Project

Assessing individual and local scale forest vulnerability to mortality from the 2019 extreme drought in Central Europe

Funded by Natural Environment Research Council.

Collaboration with Durham University.

Despite the recognized effects of intense droughts and increased temperatures on tree mortality, the die‐off patterns observed worldwide are poorly reproduced by global vegetation models. This problem is exacerbated by our limited understanding of the drivers involved in drought-induced growth decline and mortality and the temporal and spatial scales at which they operate. In turn this limits our ability to identify which forest areas are most vulnerable to drought induced growth decline and mortality, information that is vital to plan for conservation of biodiversity and for effective forest management. Local variation in drought susceptibility of individuals within a species is strongly influenced by local scale environmental variation, patterns of local adaptation and, critically, legacies of past management and stress exposure on tree density and architecture. However, while we now recognise the importance of such factors in driving deviation from model predictions, we lack detailed local data to drive improvements in model development. There is, therefore, an urgent need to understand the structural and environmental factors that are associated with local within-population variability in tree response to drought to enable the next generation of bioclimatic models to be adequately parameterised. We will integrate high-resolution satellite imagery, UAV-mounted hyperspectral and LiDAR remote sensing data, and targeted field-based measurements to predict individual and local scale vulnerability to drought events. In this project we will: i) collect ultra-high resolution spectral and structural data using the headwall system from NERC Field Spectroscopy Facility to quantify tree canopy condition, derive structural measurements and create detailed terrain models; ii) combine UAV-based spectral and structural measurements with detailed field-based assessments to determine the structural and environmental correlates of individual and local vulnerability and iii) predict the vulnerability of forest stands using UAV and satellite remote sensing data in the wider region.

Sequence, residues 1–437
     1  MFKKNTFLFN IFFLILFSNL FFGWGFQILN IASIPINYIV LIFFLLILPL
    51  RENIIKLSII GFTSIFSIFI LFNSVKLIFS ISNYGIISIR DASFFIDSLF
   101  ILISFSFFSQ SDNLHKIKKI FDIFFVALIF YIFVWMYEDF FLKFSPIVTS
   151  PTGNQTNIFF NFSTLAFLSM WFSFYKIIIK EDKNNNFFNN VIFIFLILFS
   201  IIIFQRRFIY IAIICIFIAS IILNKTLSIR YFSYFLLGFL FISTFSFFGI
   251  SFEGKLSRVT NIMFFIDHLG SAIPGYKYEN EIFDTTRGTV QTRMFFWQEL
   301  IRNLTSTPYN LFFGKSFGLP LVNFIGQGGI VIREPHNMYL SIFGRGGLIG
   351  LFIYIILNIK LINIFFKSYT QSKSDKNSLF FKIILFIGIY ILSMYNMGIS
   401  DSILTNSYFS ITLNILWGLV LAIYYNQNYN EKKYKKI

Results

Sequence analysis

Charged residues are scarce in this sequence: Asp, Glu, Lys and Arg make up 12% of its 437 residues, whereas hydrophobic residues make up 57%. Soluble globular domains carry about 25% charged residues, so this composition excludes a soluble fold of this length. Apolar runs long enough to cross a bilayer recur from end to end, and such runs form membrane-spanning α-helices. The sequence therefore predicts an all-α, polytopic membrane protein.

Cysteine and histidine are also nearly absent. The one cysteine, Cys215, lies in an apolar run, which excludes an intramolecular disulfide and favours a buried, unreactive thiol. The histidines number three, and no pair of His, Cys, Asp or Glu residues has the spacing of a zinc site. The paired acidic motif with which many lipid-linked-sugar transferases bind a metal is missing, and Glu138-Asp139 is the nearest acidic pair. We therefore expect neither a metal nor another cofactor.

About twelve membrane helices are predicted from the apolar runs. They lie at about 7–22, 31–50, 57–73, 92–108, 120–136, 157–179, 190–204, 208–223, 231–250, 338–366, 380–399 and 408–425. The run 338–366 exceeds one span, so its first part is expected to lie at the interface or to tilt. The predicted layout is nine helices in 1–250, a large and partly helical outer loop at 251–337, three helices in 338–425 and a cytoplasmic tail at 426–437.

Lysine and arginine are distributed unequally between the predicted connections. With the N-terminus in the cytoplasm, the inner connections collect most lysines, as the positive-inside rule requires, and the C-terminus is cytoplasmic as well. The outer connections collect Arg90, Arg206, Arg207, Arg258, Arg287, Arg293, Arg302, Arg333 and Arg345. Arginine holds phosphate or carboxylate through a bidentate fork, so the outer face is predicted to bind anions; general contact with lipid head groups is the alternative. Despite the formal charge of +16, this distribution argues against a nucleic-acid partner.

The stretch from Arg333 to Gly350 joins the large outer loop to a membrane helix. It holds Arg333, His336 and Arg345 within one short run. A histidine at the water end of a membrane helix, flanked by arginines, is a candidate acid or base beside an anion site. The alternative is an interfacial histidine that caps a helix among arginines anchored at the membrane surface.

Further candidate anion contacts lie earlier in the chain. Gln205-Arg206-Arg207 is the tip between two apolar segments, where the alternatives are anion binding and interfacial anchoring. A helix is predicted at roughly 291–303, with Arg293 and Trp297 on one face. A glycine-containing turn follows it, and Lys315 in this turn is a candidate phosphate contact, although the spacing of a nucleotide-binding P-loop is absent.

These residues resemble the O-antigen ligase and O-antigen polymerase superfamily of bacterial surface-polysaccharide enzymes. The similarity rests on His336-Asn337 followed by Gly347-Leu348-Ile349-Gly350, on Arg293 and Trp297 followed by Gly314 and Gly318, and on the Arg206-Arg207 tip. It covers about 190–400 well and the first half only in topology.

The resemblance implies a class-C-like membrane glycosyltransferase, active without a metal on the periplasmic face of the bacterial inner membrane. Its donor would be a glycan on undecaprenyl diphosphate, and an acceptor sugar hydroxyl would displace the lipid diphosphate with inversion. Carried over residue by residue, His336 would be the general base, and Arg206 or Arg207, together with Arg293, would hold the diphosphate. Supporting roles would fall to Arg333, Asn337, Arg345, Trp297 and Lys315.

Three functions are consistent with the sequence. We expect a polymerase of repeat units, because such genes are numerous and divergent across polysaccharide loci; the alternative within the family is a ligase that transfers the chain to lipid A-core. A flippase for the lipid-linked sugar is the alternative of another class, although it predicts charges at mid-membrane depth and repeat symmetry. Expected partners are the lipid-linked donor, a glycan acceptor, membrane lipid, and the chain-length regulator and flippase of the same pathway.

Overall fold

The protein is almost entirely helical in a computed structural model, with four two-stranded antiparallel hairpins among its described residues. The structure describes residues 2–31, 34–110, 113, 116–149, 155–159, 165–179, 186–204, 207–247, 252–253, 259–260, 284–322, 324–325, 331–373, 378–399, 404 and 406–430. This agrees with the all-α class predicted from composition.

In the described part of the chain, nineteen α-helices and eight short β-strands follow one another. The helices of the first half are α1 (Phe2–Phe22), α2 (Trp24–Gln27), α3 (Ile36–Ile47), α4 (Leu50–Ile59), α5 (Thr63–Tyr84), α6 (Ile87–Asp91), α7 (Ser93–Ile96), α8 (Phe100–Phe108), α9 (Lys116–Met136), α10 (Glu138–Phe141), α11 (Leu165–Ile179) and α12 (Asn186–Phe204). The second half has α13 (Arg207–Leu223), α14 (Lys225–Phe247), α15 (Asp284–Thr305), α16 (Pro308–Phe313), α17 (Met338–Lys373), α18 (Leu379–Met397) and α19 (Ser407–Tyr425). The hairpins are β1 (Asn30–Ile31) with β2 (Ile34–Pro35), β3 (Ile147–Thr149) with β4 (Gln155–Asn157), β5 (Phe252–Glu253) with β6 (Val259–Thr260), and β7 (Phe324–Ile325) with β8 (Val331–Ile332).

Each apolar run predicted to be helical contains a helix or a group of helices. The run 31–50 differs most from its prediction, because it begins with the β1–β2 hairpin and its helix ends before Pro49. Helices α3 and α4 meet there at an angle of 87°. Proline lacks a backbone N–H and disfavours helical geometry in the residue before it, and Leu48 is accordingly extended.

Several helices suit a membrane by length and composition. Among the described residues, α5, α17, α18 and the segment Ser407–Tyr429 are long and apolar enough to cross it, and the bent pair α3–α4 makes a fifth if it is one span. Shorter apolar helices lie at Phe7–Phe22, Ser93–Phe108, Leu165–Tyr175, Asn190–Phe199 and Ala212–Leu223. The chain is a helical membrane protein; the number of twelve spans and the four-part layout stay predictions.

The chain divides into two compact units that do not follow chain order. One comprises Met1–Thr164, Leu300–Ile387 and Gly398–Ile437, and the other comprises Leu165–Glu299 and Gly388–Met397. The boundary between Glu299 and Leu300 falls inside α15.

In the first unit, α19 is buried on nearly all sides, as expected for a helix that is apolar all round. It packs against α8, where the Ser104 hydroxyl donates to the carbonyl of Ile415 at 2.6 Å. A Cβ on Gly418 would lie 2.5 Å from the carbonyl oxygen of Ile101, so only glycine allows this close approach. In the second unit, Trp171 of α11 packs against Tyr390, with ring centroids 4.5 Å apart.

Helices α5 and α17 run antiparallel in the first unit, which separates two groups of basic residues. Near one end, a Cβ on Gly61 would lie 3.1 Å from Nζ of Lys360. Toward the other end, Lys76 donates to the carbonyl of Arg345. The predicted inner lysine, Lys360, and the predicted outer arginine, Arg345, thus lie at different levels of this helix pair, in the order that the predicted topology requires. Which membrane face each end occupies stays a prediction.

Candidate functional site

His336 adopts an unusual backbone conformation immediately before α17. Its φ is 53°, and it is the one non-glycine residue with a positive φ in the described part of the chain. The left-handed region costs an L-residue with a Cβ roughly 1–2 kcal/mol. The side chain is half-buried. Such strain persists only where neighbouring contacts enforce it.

Total award value £52,418.00

People

Professor Alistair Jump
Professor Alistair Jump

Interim Dean of Faculty, Natural Science, BES

Dr Peter Morley
Dr Peter Morley

Post Doctoral Research Associate, Biological and Environmental Sciences

Professor Kirsty Park
Professor Kirsty Park

Interim Head of BES, Biological and Environmental Sciences